• Dual Diagnosis Treatment—If there is a co-occurring mental health disorder in addition to the Valium addiction, specialized therapies and medications are often necessary to address both the addiction and the mental health disorder simultaneously.

Aftercare Planning—This involves developing a comprehensive, individualized plan for continued support and relapse prevention after a formal treatment program has been completed. This may include regular therapy sessions and ongoing support group attendance.

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Contact Us Today for Help With Valium Addiction & Withdrawal

It is critical to seek comprehensive treatment to address Valium dependence and withdrawal in addition to underlying mental conditions that may contribute to the desire to misuse substances. We encourage you to connect with our highly skilled team of addiction specialists, who can evaluate your unique circumstances and recommend an appropriate treatment plan tailored to your needs.

If you are motivated to reclaim your life free from the grip of substance use, reach out to us to learn more about our streamlined admissions process, evidence-based treatments and therapies, medication-assisted treatment, and holistic approaches. To speak with an experienced Treatment Advisor and receive a free, no-obligation health insurance benefit check, contact Guardian Recovery today.

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Disclaimer: Does not guarantee specific treatment outcomes, as individual results may vary. Our services are not a substitute for professional medical advice or diagnosis; please consult a qualified healthcare provider for such matters.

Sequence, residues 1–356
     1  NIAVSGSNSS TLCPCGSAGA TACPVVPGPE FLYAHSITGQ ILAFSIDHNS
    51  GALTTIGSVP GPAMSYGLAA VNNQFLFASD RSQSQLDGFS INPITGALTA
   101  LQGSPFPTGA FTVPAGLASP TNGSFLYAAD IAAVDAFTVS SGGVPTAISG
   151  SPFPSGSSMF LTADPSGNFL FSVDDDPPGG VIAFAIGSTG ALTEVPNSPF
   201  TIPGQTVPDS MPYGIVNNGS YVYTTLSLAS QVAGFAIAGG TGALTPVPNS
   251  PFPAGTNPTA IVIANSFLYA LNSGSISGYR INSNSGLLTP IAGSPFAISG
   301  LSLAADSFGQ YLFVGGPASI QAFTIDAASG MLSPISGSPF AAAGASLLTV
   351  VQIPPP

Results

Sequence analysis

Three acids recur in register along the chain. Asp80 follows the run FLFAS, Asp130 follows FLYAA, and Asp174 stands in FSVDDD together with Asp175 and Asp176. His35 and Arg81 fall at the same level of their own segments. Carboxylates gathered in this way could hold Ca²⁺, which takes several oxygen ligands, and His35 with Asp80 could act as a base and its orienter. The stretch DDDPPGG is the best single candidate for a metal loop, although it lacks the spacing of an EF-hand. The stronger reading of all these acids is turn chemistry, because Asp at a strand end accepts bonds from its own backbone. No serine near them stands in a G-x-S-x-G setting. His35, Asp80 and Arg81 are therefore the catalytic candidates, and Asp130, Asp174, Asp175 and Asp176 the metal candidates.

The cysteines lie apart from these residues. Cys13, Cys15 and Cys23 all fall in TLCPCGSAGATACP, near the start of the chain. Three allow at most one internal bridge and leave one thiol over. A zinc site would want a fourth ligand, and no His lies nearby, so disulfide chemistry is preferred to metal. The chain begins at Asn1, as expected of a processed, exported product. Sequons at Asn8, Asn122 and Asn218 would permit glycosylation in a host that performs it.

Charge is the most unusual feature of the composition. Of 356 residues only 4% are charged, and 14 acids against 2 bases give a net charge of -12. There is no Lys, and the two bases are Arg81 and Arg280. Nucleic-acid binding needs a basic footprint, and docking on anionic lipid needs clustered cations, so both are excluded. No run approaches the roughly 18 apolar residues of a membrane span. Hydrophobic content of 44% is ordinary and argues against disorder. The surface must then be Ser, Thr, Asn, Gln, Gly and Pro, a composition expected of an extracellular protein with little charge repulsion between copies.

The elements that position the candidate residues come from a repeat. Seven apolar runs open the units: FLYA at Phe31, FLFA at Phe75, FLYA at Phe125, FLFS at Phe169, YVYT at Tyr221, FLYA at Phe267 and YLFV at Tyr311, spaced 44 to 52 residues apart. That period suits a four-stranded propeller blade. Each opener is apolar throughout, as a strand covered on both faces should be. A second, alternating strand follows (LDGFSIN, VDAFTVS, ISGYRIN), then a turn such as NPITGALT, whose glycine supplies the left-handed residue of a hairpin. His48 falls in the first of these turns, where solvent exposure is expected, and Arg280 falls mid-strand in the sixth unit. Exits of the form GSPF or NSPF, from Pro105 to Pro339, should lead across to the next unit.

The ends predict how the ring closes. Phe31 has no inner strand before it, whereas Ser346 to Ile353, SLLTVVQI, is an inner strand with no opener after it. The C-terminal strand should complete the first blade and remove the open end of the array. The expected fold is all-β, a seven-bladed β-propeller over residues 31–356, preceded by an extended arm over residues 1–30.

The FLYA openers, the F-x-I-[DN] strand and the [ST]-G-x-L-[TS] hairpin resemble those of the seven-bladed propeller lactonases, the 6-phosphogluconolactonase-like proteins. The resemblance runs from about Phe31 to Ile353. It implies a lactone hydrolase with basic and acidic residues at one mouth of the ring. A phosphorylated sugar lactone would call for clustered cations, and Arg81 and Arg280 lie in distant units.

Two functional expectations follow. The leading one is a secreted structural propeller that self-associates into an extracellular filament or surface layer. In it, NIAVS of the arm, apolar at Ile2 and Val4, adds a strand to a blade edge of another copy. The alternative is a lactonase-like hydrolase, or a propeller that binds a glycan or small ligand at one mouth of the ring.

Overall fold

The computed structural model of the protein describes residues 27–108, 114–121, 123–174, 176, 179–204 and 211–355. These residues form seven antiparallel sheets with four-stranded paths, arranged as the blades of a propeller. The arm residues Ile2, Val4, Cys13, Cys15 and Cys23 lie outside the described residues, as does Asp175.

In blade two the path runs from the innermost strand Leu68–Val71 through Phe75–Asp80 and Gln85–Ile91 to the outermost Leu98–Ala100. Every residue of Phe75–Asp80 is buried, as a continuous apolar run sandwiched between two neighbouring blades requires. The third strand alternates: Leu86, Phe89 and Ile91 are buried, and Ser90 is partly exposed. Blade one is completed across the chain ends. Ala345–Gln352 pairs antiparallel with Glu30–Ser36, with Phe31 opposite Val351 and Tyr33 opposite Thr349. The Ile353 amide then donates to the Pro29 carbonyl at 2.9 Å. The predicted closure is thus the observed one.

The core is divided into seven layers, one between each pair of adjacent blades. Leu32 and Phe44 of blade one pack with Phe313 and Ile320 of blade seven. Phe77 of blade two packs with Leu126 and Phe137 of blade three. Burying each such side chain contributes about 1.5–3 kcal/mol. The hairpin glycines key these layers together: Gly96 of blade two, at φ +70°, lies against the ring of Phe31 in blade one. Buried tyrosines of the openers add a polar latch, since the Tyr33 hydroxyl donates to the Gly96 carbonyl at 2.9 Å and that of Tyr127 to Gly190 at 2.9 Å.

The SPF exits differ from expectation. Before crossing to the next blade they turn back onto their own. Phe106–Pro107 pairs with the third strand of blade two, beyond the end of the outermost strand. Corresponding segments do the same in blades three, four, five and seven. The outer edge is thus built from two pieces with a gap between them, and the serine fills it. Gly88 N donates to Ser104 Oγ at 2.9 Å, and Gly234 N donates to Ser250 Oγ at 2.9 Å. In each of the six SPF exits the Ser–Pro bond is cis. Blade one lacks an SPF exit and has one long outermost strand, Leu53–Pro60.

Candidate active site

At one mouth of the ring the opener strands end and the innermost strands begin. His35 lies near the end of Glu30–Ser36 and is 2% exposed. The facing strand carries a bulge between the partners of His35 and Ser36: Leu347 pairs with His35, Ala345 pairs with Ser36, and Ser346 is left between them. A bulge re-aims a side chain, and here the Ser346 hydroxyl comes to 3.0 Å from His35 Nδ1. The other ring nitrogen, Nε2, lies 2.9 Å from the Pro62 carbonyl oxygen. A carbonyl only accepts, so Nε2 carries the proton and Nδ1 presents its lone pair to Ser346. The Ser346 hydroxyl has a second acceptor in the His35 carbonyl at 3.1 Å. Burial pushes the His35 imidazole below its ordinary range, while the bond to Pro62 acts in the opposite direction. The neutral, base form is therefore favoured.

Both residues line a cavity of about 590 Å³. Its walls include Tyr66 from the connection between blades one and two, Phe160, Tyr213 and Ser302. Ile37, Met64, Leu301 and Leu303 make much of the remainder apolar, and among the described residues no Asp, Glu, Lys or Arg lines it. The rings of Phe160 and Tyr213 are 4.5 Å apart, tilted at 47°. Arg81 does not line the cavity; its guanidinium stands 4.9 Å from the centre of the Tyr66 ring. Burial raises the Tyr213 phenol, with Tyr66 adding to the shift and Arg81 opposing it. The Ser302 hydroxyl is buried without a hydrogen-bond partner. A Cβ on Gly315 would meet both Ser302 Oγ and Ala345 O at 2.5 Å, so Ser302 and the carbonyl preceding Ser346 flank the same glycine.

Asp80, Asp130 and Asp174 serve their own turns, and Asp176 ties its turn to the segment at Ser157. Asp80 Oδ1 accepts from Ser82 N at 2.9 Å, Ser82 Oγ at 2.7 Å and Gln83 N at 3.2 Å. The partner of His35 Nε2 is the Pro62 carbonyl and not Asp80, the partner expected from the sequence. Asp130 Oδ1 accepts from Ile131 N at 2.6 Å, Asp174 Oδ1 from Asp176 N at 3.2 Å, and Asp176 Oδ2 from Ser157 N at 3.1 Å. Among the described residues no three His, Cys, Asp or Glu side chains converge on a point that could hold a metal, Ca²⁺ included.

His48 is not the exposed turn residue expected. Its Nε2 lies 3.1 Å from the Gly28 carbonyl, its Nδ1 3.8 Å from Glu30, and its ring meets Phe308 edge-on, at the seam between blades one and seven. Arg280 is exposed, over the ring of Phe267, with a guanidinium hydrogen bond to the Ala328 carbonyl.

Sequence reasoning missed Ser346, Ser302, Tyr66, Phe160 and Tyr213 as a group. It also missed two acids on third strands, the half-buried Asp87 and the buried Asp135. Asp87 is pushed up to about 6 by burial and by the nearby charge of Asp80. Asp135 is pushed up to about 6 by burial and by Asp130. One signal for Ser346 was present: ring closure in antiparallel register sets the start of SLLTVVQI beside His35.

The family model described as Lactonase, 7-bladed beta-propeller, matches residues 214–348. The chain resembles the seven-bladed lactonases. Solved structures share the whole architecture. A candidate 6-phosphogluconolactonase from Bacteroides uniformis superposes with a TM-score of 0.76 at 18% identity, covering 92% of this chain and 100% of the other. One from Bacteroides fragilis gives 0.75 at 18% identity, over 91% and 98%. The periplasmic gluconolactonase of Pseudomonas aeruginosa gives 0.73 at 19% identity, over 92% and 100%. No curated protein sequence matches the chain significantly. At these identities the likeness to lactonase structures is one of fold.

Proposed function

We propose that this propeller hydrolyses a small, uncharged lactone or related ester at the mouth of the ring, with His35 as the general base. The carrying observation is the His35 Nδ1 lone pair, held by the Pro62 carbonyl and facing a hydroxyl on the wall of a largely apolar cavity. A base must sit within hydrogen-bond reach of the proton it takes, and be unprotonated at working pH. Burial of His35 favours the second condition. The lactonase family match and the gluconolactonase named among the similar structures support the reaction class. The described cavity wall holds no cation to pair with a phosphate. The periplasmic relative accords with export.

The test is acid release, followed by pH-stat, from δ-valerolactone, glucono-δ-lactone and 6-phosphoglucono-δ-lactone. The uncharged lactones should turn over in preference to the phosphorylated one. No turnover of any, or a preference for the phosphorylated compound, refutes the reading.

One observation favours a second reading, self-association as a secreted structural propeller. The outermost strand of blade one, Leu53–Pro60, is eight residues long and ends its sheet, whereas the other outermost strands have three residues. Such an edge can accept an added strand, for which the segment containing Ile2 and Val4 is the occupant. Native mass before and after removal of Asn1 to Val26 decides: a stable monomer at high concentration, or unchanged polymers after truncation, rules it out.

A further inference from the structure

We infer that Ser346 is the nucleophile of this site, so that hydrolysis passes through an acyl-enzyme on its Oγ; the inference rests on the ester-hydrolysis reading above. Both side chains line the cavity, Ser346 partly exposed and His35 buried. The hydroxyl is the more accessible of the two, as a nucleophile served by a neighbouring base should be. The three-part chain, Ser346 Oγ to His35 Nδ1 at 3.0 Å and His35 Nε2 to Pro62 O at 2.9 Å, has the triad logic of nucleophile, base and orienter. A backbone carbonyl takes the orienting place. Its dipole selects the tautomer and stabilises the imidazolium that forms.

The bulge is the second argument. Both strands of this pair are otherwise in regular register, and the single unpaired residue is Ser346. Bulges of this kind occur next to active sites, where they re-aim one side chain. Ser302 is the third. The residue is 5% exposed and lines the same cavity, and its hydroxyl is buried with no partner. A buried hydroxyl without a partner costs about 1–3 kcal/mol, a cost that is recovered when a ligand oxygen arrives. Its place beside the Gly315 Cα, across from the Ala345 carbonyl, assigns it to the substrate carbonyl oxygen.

1. https://www.dea.gov/drug-information/drug-scheduling
  2. https://pubmed.ncbi.nlm.nih.gov/2889722/
  3. https://ufhealth.org/diazepam-overdose
  4. https://bmcpsychiatry.biomedcentral.com/articles/10.1186/1471-244X-14-67

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Reviewed professionally for accuracy by:

Ryan Soave

L.M.H.C.

Ryan Soave brings deep experience as a Licensed Mental Health Counselor, certified trauma therapist, program developer, and research consultant for Huberman Lab at Stanford University Department of Neurobiology. Post-graduation from Wake Forest University, Ryan quickly discovered his acumen for the business world. After almost a decade of successful entrepreneurship and world traveling, he encountered a wave of personal and spiritual challenges; he felt a calling for something more. Ryan returned to school and completed his Master’s Degree in Mental Health Counseling. When he started working with those suffering from addiction and PTSD, he found his passion. He has never looked back.

Written by:

Cayla Clark

Cayla Clark

Cayla Clark grew up in Santa Barbara, CA and graduated from UCLA with a degree in playwriting. Since then she has been writing on addiction recovery and psychology full-time, and has found a home as part of the Guardian Recovery team.